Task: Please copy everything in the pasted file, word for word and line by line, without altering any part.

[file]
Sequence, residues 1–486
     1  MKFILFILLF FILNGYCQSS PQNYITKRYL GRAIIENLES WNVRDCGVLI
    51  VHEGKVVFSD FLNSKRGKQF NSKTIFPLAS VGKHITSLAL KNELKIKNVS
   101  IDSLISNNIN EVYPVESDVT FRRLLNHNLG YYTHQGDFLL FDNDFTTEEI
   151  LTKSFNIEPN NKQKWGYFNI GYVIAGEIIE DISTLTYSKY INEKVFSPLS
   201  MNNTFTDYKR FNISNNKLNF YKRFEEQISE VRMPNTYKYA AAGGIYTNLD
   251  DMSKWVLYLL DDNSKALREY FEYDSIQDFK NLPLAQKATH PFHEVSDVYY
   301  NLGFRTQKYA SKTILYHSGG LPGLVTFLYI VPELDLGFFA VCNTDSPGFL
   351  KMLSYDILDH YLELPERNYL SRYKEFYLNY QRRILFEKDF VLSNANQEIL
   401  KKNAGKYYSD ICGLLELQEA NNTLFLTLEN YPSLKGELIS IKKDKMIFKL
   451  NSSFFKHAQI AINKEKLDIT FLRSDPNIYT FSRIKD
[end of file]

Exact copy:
Sequence, residues 1–486
     1  MKFILFILLF FILNGYCQSS PQNYITKRYL GRAIIENLES WNVRDCGVLI
    51  VHEGKVVFSD FLNSKRGKQF NSKTIFPLAS VGKHITSLAL KNELKIKNVS
   101  IDSLISNNIN EVYPVESDVT FRRLLNHNLG YYTHQGDFLL FDNDFTTEEI
   151  LTKSFNIEPN NKQKWGYFNI GYVIAGEIIE DISTLTYSKY INEKVFSPLS
   201  MNNTFTDYKR FNISNNKLNF YKRFEEQISE VRMPNTYKYA AAGGIYTNLD
   251  DMSKWVLYLL DDNSKALREY FEYDSIQDFK NLPLAQKATH PFHEVSDVYY
   301  NLGFRTQKYA SKTILYHSGG LPGLVTFLYI VPELDLGFFA VCNTDSPGFL
   351  KMLSYDILDH YLELPERNYL SRYKEFYLNY QRRILFEKDF VLSNANQEIL
   401  KKNAGKYYSD ICGLLELQEA NNTLFLTLEN YPSLKGELIS IKKDKMIFKL
   451  NSSFFKHAQI AINKEKLDIT FLRSDPNIYT FSRIKD